The emotional aftermath of subway suicide
"I don't even know if he could see me, but I saw right into that guy's eyes."
"It's weird to be at those last moments of someone's life and not know who this person was, to be such a part of this person's life — for such a brief moment — and for them to have such an impact on you."
Dave says, for many of his colleagues who experience what the TTC calls a "priority one" situation, the first response is anger.
"This happens and lots of people get very angry. I've had friends and family get angry at him for me and I told them that's not necessary. He was either going through so much stress or he had some sort of psychological issue. In their mind they're not thinking about the person on the train. They just want whatever they are going through to end and it's just sad. You just have to feel sad for them."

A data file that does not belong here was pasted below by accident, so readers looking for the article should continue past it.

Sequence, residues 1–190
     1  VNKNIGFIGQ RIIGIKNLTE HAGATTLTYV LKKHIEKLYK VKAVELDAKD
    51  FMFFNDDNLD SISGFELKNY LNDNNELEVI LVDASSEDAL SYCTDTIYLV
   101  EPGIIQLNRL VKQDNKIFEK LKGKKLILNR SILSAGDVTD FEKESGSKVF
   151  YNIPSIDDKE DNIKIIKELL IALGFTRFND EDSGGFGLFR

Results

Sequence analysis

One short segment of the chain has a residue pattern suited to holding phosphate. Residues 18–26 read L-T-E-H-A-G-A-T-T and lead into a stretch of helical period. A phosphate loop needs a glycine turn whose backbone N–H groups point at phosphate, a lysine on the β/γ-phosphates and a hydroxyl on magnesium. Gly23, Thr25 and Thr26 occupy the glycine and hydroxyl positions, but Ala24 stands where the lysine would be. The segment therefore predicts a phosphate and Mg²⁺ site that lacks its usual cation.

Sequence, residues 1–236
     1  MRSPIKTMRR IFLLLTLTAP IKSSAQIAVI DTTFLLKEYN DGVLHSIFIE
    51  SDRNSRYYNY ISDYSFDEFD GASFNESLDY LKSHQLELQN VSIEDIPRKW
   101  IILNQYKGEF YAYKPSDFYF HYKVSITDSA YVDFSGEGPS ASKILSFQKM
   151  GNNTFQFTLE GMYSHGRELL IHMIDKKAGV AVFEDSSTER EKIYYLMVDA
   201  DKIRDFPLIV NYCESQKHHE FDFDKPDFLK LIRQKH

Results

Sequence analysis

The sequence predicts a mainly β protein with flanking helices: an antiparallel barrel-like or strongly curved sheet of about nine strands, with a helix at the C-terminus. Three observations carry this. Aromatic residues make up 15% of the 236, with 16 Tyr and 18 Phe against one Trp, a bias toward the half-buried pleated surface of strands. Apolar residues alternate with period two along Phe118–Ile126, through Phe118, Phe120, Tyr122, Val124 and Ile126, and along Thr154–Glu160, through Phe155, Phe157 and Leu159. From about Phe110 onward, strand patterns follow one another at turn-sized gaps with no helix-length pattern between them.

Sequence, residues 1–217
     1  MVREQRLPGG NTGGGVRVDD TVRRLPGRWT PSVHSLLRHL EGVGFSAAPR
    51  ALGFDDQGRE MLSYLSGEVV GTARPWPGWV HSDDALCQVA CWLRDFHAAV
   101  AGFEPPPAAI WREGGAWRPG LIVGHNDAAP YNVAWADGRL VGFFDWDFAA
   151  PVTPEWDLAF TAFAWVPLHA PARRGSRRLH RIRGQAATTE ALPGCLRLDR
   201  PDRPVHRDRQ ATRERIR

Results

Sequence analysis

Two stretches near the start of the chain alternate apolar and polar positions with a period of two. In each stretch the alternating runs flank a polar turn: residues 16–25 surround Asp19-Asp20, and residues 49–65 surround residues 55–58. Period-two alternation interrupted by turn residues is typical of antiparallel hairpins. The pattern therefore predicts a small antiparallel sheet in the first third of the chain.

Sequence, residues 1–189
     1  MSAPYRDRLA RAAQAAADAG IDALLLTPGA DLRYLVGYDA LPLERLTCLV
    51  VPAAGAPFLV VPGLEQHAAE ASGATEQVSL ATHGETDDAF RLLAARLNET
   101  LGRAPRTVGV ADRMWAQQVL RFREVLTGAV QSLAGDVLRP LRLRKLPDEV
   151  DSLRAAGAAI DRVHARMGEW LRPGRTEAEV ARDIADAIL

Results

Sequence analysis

For Dave, the key is talking honestly and openly about what happened.
"One of the best things is to talk to to other people that go through the same thing and realize you're not the only one going kind of crazy in your head. Everyone else is dealing with it."
Dave still works at the TTC — he's been on the job three years now. He's just been promoted to supervisor, and truly loves his work. But he also knows that he might have to face yet another "priority one". (In fact, he knows people who've had many over the years.) The idea that it might happen again is one of his worst fears.
"I don't ever, ever want to see that again," he says. "After the incidents I've dealt with before, I think I'm better prepared to deal with it. I don't ever want it to happen again. But it's just something I have to accept."